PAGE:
Surprise appointments in UK cabinet reshuffle
Former culture minister Jeremy Hunt is promoted to Health Secretary, while the relatively unknown Maria Miller is given his post
By Javier Pes. Web only
Published online: 05 September 2012
The UK has a new minister of culture after a cabinet reshuffle on Tuesday 4 September in which the former minister, Jeremy Hunt, was promoted to become Health Secretary. Hunt’s new job took many by surprise, not least because he had to weather criticism for his handling of News Corp’s bid to buy BSkyB while at the Department for Culture Media and Sport. At the end of June, while speaking at the British Museum, Hunt referred to its monumental statue of Ramases II as a reminder of the “temporal nature of political power”, alluding to his recent grilling by the Leveson inquiry into press standards. No one predicted Hunt would now be responsible for the National Health Service. What a difference a day in politics makes.
The new culture secretary Maria Miller, who is one of the few women in the Prime Minister David Cameron’s reshuffled cabinet, is another surprise appointment. She has been a relatively unknown junior minister in the Department for Work and Pensions. Before becoming a Member of Parliament, she worked in marketing and advertising. The department she now leads is responsible for a range of activities. It remains to be seen how highly culture will feature alongside media and sport. High on her agenda will be making the most of the London Olympic Games’ legacy.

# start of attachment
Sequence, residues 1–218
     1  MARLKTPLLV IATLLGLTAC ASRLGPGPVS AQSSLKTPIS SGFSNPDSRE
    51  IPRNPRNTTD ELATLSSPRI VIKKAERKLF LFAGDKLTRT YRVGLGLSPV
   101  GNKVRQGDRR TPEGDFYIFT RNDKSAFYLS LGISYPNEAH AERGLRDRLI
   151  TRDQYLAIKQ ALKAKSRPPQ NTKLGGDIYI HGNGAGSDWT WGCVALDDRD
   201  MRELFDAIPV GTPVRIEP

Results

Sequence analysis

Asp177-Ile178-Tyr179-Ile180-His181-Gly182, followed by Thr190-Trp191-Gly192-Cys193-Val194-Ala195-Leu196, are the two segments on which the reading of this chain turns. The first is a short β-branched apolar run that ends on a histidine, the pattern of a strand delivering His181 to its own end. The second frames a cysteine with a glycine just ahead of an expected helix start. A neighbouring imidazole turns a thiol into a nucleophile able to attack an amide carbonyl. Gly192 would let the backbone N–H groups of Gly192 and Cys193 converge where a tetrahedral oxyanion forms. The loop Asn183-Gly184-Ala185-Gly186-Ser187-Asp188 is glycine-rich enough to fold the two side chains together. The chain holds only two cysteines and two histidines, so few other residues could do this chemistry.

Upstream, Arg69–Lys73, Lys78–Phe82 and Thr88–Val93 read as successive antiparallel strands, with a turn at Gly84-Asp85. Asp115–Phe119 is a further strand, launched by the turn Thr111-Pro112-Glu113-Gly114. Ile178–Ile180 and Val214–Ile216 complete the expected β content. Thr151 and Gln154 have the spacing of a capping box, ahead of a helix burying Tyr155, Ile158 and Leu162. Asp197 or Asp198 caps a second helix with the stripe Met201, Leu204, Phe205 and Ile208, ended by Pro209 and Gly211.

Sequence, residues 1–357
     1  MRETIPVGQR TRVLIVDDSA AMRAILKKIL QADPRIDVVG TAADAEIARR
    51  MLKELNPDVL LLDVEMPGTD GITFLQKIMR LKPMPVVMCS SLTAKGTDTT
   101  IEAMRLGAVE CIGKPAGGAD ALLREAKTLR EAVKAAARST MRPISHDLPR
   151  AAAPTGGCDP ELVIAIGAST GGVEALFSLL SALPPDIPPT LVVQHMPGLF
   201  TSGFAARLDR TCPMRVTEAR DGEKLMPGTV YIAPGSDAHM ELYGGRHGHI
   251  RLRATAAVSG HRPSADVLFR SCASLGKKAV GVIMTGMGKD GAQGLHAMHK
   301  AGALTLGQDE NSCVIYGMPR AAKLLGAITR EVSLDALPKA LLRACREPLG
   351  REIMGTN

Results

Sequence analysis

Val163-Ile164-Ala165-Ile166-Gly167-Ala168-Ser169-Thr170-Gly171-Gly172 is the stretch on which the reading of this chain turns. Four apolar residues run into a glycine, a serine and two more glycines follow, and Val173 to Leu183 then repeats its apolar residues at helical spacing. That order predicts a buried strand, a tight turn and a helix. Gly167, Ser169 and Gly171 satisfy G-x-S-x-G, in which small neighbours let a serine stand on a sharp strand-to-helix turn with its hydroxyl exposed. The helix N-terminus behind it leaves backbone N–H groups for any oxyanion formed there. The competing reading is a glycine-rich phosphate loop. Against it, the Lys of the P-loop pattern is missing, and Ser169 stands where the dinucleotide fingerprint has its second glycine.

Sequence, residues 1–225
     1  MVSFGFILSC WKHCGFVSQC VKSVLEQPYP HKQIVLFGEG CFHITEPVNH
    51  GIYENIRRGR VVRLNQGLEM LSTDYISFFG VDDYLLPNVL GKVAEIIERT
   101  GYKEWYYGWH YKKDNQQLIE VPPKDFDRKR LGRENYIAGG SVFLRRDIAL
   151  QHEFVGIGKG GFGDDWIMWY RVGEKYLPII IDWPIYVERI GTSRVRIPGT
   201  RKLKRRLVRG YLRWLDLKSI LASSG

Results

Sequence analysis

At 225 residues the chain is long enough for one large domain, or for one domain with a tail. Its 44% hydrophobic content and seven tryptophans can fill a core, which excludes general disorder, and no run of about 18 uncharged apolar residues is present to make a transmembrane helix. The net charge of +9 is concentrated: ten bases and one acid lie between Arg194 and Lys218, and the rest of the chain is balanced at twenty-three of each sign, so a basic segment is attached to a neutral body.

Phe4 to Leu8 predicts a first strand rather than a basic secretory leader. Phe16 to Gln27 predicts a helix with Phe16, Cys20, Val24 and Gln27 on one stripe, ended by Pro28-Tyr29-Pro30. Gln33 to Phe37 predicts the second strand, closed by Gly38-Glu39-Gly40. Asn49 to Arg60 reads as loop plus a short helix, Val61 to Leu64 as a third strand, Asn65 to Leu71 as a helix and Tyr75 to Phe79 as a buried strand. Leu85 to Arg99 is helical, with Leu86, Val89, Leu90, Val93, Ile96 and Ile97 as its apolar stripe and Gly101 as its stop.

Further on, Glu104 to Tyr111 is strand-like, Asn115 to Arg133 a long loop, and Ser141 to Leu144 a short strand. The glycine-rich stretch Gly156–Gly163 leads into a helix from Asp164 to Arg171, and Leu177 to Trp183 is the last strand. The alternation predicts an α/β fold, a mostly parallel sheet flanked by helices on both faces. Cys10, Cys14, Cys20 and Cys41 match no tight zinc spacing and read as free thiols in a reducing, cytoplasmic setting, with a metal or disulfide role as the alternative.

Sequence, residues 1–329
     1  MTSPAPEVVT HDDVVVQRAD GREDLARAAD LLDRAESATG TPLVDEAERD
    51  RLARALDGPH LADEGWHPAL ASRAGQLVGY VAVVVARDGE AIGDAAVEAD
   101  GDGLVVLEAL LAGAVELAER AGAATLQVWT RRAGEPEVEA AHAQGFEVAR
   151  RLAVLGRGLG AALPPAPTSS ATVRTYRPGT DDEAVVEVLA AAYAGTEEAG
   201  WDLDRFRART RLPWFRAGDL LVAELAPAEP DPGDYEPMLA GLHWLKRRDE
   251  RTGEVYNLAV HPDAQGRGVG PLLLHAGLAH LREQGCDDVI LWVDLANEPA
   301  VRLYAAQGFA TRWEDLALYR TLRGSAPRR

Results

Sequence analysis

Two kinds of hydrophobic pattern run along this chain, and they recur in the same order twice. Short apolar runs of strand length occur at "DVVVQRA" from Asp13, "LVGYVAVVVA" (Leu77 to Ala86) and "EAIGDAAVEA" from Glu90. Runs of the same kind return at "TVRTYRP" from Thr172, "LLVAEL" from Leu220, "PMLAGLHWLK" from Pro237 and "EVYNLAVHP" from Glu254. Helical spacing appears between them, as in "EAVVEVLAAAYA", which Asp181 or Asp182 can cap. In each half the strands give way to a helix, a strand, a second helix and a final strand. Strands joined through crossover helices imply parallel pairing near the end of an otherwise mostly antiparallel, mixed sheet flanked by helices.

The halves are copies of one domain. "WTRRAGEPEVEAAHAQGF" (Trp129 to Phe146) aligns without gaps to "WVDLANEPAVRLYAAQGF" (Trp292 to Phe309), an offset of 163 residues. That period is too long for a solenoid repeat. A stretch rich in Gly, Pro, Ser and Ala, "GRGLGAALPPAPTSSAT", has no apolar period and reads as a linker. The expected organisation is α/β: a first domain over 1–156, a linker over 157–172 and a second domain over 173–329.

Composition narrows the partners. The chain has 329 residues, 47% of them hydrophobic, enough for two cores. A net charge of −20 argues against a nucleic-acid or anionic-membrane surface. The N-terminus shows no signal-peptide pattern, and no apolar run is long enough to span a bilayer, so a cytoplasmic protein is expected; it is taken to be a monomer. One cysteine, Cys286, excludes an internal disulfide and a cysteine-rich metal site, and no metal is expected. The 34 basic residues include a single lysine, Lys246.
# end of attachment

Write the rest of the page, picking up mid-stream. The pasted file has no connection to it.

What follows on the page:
One of Hunt’s last acts as culture minister was to appoint Peter Bazalgette as the chairman of the Arts Council, the body that administers government funding for the arts in England. Bazalgette is the former head of the television production company Endemol, which successfully adapted the Dutch-devised Big Brother reality TV format for a UK audience. His business background is expected to mean he is more in tune than his predecessor, Liz Forgan, with the Conservative government’s wish to encourage private support of the arts to compensate for cuts in government funding.
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